Date of Graduation

5-2017

Level of Access

Restricted: Campus/Bates Community Only Access

Degree Name

Bachelor of Arts

Department or Program

Environmental Studies

Number of Pages

69

First Advisor

Sonja Pieck

Abstract

Our current food system disproportionately compromises the health of Black bodies and environments. Therefore, it is necessary for alternative food movements to recognize and organize against anti-Black racism. By empowering and uplifting Black women, specifically through recognizing everyday practices of care, resistance to systems of violence, whether that be neoliberal industrial agriculture or white supremacy, is better realized. The two gardens explored in this paper offer a glimpse of ordinary and familiar work affecting change on a community level. I will argue the practices of care born out of womanism, other-mothering, and homeplace are subversive tools for combatting inequitable food systems and creating resilient communities.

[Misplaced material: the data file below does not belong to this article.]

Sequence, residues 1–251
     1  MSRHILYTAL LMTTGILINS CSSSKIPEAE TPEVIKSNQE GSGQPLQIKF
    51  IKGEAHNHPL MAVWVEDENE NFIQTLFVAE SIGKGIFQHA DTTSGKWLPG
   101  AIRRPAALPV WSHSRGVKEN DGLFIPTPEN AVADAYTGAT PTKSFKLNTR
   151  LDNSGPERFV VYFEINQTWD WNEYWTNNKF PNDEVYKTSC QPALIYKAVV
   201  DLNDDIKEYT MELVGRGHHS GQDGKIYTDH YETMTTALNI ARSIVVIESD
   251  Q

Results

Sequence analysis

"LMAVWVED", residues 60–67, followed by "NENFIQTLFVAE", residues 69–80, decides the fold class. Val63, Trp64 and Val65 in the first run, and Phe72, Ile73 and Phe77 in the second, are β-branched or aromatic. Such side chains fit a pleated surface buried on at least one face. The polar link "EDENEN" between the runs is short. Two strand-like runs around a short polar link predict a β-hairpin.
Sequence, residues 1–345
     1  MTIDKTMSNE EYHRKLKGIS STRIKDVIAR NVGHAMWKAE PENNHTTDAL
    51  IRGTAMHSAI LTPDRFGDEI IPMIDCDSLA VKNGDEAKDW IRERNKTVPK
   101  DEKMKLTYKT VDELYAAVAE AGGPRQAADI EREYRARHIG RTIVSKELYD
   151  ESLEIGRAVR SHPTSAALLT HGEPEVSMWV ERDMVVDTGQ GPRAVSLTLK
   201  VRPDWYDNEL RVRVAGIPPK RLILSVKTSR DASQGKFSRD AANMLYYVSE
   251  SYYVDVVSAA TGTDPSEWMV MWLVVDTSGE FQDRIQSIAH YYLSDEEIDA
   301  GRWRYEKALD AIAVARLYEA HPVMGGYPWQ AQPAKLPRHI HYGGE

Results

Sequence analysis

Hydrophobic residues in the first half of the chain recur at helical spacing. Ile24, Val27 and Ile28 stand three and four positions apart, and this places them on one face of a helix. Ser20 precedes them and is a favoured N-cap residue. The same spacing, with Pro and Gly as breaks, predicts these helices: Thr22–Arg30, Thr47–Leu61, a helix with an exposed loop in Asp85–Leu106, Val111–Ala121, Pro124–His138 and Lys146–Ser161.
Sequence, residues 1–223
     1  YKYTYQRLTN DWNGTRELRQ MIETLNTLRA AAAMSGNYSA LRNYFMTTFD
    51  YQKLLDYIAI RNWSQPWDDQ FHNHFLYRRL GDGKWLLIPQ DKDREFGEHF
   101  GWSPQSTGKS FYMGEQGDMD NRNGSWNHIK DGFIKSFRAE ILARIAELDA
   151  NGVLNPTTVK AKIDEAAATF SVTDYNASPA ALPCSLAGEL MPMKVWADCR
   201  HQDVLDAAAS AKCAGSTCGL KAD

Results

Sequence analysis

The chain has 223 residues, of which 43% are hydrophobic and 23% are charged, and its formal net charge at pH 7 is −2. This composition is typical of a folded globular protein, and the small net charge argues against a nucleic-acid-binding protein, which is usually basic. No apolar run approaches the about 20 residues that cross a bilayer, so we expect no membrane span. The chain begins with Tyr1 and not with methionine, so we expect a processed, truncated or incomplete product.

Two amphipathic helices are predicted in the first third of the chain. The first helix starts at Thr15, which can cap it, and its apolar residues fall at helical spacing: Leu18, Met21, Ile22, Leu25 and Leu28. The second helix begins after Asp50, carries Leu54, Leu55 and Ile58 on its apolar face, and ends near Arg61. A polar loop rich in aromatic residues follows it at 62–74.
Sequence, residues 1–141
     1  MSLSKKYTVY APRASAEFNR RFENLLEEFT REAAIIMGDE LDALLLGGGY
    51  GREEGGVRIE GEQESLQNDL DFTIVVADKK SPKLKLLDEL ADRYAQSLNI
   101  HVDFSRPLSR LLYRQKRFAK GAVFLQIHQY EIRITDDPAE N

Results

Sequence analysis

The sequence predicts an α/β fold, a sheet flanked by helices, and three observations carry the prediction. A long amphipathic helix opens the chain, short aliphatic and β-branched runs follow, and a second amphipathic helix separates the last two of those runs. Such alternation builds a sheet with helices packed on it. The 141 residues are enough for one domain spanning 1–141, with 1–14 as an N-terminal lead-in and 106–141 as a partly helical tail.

Components of Thesis

1 word file

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Available to Bates community via local IP address or Bates login.

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